Sunday, June 1, 2008

FAQ : What is the difference between Lazywriter and Checkpoint in SQL Server

The lazywriter thread sleeps for a specific interval of time. When it is restarted, it examines the size of the free buffer list. If the free buffer list is below a certain point, dependent on the size of the cache, the lazywriter thread scans the buffer cache to reclaim unused pages. It then writes dirty pages that have a reference count of 0. On the Windows 2000, Windows Server 2003, and Windows XP operating systems, most of the work populating the free buffer list and writing dirty pages is performed by the individual threads. The lazywriter thread typically has little to do.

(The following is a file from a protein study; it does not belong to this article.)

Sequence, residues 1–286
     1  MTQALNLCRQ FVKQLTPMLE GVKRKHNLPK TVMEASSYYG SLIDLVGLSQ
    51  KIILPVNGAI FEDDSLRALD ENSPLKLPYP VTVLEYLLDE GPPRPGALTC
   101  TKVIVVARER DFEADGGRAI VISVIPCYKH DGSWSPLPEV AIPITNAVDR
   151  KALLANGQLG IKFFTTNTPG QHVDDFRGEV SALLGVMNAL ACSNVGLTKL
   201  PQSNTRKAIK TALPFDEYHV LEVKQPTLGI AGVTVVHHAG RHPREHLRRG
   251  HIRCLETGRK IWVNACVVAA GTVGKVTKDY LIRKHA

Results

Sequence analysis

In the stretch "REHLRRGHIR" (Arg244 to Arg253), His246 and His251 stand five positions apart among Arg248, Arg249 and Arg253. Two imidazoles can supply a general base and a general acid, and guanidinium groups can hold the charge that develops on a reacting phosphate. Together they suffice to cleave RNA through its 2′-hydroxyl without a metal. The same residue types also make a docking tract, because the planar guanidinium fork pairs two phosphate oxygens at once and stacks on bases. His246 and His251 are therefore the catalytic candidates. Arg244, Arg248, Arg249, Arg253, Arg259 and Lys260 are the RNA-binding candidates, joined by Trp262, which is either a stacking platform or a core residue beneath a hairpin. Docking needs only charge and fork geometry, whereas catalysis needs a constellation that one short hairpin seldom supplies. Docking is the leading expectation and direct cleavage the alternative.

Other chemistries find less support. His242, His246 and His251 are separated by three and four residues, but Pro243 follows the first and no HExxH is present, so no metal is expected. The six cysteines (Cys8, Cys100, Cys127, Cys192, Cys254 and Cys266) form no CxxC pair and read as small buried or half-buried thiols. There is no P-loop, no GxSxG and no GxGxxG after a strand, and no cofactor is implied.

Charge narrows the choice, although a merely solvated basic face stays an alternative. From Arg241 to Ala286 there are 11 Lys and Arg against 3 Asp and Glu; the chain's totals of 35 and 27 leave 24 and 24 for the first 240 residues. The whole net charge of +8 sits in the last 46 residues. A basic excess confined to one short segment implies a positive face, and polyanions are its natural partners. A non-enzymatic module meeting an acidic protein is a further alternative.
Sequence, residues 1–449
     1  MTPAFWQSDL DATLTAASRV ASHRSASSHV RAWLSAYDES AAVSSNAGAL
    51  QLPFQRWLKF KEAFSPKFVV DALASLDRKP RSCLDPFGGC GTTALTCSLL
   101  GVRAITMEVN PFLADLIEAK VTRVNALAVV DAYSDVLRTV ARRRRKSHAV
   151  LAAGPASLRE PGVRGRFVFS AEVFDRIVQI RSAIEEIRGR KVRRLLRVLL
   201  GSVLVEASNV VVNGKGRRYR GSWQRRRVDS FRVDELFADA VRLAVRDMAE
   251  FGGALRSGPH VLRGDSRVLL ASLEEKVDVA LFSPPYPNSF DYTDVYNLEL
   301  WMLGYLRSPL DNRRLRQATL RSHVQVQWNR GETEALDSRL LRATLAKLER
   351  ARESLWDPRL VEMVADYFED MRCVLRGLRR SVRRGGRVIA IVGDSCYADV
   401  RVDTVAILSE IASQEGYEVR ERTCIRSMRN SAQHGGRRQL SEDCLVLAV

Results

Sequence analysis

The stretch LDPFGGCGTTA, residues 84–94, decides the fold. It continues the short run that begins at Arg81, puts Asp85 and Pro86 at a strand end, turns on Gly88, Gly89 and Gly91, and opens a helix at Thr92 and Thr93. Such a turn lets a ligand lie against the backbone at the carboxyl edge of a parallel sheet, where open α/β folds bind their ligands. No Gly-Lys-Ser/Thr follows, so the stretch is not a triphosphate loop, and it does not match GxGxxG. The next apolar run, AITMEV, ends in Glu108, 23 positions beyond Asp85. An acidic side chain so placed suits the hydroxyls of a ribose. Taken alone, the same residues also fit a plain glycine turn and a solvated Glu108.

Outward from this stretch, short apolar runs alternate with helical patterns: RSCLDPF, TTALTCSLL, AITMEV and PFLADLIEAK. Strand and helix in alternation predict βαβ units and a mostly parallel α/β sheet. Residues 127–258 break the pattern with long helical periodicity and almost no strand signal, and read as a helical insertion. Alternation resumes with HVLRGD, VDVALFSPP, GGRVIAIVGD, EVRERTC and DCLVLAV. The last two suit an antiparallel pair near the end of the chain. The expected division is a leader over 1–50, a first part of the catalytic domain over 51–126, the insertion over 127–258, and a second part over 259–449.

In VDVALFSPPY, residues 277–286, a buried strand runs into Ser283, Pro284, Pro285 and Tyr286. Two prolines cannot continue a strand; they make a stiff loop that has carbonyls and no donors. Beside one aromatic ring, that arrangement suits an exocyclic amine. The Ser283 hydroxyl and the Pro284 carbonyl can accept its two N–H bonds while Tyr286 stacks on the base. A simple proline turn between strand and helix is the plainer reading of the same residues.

The checkpoint process also scans the buffer cache periodically and writes any dirty data pages to disk. The difference is that the checkpoint process does not put the buffer page back on the free list. The purpose of the checkpoint process is to minimize the number of dirty pages in memory to reduce the length of a recovery if the server fails. Its purpose is not to populate the free buffer list. Checkpoints typically find few dirty pages to write to disk, because most dirty pages are written to disk by the worker threads or the lazywriter thread in the period between two checkpoints


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